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Age restrictions on e-cigs increases teen smoking rates, says Princeton University

A new press release published by Princeton University claims that raising the legal purchasing age on e-cigs actually increases the rates of teen smoking, particularly among pregnant teens.    According to experts from the institution’s Woodrow Wilson School of Public Health and International Affairs in collaboration with researchers from Cornell University, they found a 19.2 percent increase in cigarette smoking in states that had recently increased their legal vaping age to 21.

The paper entitled “Age Limits on E-Cigarettes Cause Uptick in Cigarette Smoking Among Pregnant Teens” also notes a 13.8 percent increase in teen smoking among underage pregnant teens.

Most vaping advocates agree that these statistics are simply basic, common sense.  If pregnant teens are restricted from purchasing e-cigs and vaping products as a smoking cessation tool during pregnancy, then they will be far more likely to go back to conventional tobacco cigarettes which are always infinitely easier to buy.


In this new e-cig study published on both the Princeton University website and in the National Bureau of Economic Research (NBER), co-author Janet M. Currie makes the following claim.

“Traditional cigarette use typically declines during pregnancy, but our results show that laws limiting access to e-cigarettes actually slows down this decline, presumably because women are prevented from switching to e-cigarettes.”
“The figures suggest that pregnant women have an especially high demand for smoking cessation products early in their pregnancies. Hopefully, in future, we will be able to offer something that is better for their babies than e-cigarettes.”

Does the average American really need a professor from an ivy league university to tell them this little tidbit of information?  Apparently so, because the American Lung Association (ALA) is spouting a new surge of anti-vaping rhetoric that directly contradicts these world-class Princeton professors.

American Lung Association vs. Princeton University

In the recently released 2016 version of the annual State of Tobacco Control report issued by the ALA, agency officials are still clinging to the same, tired lies about e-cigarettes that have been promoted by the FDA and the CDC for years.  According to the ALA, e-cigs are still considered a gateway to smoking – especially among teenagers.

“Several recent studies have concluded that youth who use e-cigarettes are more likely to become users of traditional tobacco products, including cigarettes.  In addition, the Surgeon General, in a December 2016 report, concluded that candy-flavored e-cigarettes are one of the reasons youth try e-cigarettes.”
- 2016 State of Tobacco Control Report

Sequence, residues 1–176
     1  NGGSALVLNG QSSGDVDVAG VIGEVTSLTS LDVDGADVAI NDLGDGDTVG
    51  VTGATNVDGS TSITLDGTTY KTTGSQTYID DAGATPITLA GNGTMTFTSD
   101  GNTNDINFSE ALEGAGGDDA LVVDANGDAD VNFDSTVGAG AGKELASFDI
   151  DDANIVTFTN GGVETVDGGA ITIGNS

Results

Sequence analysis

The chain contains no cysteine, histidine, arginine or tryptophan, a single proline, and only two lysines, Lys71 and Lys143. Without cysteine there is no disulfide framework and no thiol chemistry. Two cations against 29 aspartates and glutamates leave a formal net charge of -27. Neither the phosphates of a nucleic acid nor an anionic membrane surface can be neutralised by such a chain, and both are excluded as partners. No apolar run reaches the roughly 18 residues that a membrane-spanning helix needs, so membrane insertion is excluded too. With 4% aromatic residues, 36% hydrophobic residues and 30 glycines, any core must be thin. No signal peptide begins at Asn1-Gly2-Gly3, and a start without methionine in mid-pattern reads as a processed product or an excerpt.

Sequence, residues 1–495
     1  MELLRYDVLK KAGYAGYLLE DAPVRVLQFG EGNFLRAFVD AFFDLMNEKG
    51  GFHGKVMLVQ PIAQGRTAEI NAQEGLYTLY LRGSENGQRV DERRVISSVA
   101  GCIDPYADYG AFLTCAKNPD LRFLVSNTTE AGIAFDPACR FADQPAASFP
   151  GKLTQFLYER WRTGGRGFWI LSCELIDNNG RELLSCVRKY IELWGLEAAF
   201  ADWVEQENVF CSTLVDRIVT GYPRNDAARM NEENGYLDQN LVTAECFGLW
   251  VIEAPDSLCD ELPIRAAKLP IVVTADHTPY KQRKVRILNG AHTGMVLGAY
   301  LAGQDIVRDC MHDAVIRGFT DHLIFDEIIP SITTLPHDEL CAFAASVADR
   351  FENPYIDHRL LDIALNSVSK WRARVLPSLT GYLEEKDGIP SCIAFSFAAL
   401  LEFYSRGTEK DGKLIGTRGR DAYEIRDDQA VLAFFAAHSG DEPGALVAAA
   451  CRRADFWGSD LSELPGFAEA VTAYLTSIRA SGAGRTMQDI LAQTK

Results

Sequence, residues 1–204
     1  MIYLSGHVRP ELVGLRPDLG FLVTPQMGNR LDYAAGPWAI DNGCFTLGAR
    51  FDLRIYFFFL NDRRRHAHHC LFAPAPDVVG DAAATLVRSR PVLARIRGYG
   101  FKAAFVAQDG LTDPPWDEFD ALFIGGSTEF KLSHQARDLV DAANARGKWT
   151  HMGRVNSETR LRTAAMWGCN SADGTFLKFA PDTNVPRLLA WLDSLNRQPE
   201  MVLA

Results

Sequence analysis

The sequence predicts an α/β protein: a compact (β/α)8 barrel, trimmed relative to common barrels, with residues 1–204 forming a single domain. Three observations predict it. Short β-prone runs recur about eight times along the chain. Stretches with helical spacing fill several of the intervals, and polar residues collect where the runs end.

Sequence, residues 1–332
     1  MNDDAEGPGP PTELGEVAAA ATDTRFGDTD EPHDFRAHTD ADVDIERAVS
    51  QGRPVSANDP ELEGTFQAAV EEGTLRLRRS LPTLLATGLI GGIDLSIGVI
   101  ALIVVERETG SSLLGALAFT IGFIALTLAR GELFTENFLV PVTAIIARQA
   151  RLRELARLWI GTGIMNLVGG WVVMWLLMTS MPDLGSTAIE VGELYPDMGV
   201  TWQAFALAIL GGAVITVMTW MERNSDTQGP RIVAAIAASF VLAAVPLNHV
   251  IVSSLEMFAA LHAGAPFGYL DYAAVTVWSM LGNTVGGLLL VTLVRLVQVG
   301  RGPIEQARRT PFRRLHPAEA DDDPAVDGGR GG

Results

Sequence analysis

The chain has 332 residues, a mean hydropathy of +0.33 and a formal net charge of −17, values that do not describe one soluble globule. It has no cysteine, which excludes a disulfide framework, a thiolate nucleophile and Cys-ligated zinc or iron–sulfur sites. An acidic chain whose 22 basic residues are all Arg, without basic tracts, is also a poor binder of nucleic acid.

Yes, the ALA is actually citing the most controversial, anti-vaping, public announcement ever issued by a U.S. Surgeon General, one that has been largely rebuked by the top scientific and medical professionals around the world.


But why would a charitable organization like the American Lung Association, an institution whose sole purpose is to rid the world of lung disease, consistently and vehemently demonize electronic cigarettes?   Doesn’t basic common sense indicate that e-cigs are substantially healthier than the tar-infused, toxin-riddle alternatives of conventional tobacco cigarettes?  And why does the ALA find “the patch” and nicotine gum acceptable, but vaping is not? 

Follow the money.

American Lung Association and Big Pharma

If you want a direct connection between the ALA and Big Pharma, all you have to do is travel to the ALA website.  Located in the very last paragraph of the organization’s “Smoking Facts” page is the following information.

“While it may seem counterintuitive, nicotine replacement therapies such as gum, patches, inhalers, nasal spray and lozenges can help tobacco users quit. These products provide a lower level of nicotine than tobacco products and can help reduce withdrawal symptoms while the person transitions to his or her new smokefree life. The various nicotine replacement products each work differently so it's important to talk to your doctor or pharmacist to figure out which one(s) might be right for you.”

So, there you have it.  The ALA is perfectly fine with promoting nicotine replacement therapies that are manufactured and mass-marketed by Big Pharma – perhaps because Big Pharma is paying them in the form of charitable contributions and political influence on Capitol Hill.  But e-cigs and vaping technology that have even less nicotine than those more conventional Big Pharma products?  Fagettaboutit!

Luckily, Princeton University does not have this unseemly and rather corrupt connection to Big Pharma, which is why their research directly opposes the opinions of the ALA.

Funny how that works.


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